By Amin Bagheri
The sixth year of the asymmetric conflict in Yemen is underway. Meanwhile, Saudi Arabia and the UAE, which have the logistical and intelligence support and extensive political coverage of the world’s great powers such as the United States, European countries, and even Israel, have not been able to break down Yemen and weaken the state while preventing it from collapsing entirely. Looking at the six-year developments in Yemen, it can be seen that dividing Yemen as the main goal of this invasion has already failed.
On the first days of the war against Yemen in March 2015, the Saudi coalition announced that in the first quarter of the war, all the facilities of the Yemeni armed forces would be destroyed and the complete elimination of Ansarullah would not take more than a few weeks. However, the coalition’s efforts have lasted for several years now, and there is still no clear horizon for the realization of Saudi goals in this war except the violation of the human rights of millions of civilians who did no wrong.
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The humanitarian catastrophe of the war against Yemen
Even before the start of the Saudi aggression, the Yemeni nation was considered one of the poorest nations in the world according to the criteria of international institutions. During the five years of the war of attrition, they suffered many calamities, including famine and infectious diseases, and economic blockade, to the point that the casualties resulting from the continuation of the Saudi war in Yemen far exceeded the casualties of the military. Currently, more than 4,000 patients with kidney failure are affected by these problems due to a lack of access to dialysis centers or the closure of these centers.
Meanwhile, the US-led Western powers are playing a significant role in escalating the humanitarian catastrophe in Yemen by imposing sanctions on Ansar al-Islam. According to the Yemeni Minister of Health, the sanctions and siege of Yemen have prevented the repair of medical equipment, and after about six years of war against Yemen and its embargo, 93% of medical equipment has lost its useful life, and all shock devices from It has failed.
The spread of the COVID-19 is also an important factor in the occurrence and spread of the humanitarian catastrophe in Yemen. The prevalence and death toll of the COVID-19 in Yemen is small compared to other countries in the region, but the global health institutions operating in Yemen have left the country under the pretext of worrying about the outbreak of the COVID-19 and have cut off health aid to Yemen. Furthermore, Hunger and malnutrition have also cast a shadow of death over the Yemeni people.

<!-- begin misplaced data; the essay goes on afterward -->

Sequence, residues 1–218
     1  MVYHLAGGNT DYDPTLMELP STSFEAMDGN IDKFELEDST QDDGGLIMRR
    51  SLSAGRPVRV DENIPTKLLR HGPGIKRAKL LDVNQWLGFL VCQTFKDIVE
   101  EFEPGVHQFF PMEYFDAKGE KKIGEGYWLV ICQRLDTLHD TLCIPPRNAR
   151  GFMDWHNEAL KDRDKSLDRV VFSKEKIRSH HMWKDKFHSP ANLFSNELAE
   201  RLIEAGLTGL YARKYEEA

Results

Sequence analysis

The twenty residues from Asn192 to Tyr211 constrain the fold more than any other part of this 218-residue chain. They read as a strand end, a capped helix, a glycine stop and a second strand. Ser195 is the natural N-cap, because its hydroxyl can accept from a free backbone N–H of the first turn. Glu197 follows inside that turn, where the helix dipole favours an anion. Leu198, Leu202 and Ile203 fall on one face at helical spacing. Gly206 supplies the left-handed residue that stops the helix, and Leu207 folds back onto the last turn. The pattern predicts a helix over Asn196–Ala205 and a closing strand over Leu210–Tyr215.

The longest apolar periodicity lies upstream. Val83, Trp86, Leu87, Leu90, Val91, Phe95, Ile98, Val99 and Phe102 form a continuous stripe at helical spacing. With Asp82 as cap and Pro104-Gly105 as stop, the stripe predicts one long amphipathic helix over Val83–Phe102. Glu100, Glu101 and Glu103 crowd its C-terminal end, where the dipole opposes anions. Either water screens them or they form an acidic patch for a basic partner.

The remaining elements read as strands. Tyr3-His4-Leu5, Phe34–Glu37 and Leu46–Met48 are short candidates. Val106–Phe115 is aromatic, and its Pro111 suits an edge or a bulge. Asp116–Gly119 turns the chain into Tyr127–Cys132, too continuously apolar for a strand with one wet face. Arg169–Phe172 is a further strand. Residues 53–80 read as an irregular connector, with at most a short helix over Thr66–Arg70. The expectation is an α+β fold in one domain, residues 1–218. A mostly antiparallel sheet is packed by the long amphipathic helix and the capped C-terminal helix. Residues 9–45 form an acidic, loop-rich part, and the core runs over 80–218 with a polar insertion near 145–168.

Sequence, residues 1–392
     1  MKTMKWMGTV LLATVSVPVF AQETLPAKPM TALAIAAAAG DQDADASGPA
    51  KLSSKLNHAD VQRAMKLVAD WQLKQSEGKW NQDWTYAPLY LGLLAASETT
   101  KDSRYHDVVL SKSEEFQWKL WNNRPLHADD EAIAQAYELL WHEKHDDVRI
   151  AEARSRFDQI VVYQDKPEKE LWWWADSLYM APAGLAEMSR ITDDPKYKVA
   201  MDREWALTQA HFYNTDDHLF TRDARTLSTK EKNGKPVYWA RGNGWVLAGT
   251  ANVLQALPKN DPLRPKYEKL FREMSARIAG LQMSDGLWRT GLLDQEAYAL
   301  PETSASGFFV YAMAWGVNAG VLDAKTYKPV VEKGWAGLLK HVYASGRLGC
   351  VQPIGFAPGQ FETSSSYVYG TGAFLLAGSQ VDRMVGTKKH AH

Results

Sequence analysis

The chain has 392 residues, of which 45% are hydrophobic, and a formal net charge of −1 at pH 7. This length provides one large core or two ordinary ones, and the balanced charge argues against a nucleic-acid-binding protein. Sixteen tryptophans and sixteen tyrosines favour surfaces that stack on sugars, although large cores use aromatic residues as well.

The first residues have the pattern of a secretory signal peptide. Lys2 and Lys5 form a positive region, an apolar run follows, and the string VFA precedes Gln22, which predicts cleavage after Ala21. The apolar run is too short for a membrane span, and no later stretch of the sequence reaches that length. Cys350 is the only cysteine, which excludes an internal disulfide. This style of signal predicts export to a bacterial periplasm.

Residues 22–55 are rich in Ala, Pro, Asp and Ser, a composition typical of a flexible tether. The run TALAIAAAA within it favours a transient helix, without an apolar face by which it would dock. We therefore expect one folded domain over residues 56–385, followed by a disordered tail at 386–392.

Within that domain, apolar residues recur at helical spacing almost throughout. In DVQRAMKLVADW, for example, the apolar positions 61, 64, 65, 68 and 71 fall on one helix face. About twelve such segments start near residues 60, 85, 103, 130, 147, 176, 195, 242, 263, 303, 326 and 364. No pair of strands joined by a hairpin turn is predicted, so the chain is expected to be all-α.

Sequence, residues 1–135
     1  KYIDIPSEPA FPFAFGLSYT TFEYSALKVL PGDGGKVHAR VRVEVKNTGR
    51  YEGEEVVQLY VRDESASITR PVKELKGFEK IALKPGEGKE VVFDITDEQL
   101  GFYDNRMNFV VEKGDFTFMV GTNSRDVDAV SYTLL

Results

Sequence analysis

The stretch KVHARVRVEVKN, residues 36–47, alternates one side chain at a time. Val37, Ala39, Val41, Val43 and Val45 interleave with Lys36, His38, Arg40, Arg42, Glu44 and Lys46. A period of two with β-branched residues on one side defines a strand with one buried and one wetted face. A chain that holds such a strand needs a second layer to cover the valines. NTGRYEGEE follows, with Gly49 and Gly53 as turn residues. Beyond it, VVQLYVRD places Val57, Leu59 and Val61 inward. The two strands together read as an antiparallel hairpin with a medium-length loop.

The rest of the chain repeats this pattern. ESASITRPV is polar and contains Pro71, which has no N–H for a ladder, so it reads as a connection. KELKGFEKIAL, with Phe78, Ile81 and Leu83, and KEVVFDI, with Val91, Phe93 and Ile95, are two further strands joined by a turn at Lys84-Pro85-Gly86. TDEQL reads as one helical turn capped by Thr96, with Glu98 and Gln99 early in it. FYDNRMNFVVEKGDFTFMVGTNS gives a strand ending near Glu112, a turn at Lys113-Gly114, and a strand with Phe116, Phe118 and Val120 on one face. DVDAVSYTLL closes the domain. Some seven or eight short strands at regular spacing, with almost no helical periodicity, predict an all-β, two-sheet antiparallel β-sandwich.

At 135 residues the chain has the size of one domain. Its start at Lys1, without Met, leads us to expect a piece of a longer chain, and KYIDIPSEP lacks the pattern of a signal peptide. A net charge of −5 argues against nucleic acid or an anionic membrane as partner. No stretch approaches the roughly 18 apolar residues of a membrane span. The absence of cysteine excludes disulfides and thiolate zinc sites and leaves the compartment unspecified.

According to UNICEF in 2019, about 3.2 million Yemeni children and women suffer from acute malnutrition. Statistics show that 14 million Yemenis do not have access to direct health services, and 50% of health centers are closed and the rest do not provide full services due to lack of medicine. Besides, more than 15 million Yemenis do not have access to drinking water, which leads to the spread of many epidemics.
Unequal war of Saudi Arabia and its supporters against the starving nation
The United States and Israel as the two main players in the region have always derived the most benefits from the inflamed and critical atmosphere of the Middle East, prevent Saudi Arabia and the UAE from being condemned in international forums. Besides, the Americans play a logistical and intelligence role in Saudi Arabia, which is why the US House of Representatives is trying to prevent arms exports to Saudi Arabia, while it is facing a veto from President Donald Trump.
The United States, Britain, France, Spain, and Canada continue to be major suppliers of military equipment to Saudi Arabia and the UAE during the Yemeni war. Despite the high risk of using arms and military equipment exported from France to facilitate the killing of Yemenis, Paris continues to supply weapons to Saudi Arabia and the UAE. Contrary to the British Supreme Court’s ruling banning arms sales to the Saudis, London continues its arms and military deals with Riyadh as well.
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A reflection on the nearly six years of war in Yemen shows that in this war, Saudi Arabia and its allies committed war crimes against humanity and the genocide of the Yemeni people. Furthermore, not only the current shortage of basic commodities such as food, water, and fuel, has made it difficult for these oppressed people to survive, but also they are exposed to daily missile and airstrikes by the Saudi coalition, so the most pivotal task now is for international organizations to take the all necessary measures to stop the humanitarian crisis in Yemen.
However, the United Nations and international human rights organizations are failed in taking effective action to improve the human rights situation in Yemen or to stop the inhumane acts of the Saudis and their Emirati partners in Yemen. Ultimately, it should be made clear that no attempts to circumvent international human rights law and humanitarian law can be tolerated under international law in certain circumstances such as failing to pay attention to distinguish between civilians and combatants in conflicts.
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